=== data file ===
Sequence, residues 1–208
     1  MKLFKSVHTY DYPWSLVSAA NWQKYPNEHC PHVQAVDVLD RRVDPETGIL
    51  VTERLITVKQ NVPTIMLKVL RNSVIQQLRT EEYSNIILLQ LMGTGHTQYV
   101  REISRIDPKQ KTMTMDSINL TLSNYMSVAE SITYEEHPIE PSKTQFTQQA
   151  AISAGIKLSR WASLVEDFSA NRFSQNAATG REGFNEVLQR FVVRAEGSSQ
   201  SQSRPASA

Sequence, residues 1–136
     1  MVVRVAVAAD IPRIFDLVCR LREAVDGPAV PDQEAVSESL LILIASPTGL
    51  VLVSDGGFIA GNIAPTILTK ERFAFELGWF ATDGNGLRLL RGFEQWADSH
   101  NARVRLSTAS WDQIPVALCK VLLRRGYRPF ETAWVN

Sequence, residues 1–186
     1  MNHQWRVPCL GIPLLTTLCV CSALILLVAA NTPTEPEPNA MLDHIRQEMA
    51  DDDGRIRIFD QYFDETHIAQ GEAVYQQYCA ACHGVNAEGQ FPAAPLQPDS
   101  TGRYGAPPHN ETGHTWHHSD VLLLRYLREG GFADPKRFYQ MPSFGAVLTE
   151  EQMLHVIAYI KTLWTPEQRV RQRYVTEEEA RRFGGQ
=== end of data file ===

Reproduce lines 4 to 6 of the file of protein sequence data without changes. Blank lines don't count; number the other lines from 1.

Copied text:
   101  REISRIDPKQ KTMTMDSINL TLSNYMSVAE SITYEEHPIE PSKTQFTQQA
   151  AISAGIKLSR WASLVEDFSA NRFSQNAATG REGFNEVLQR FVVRAEGSSQ
   201  SQSRPASA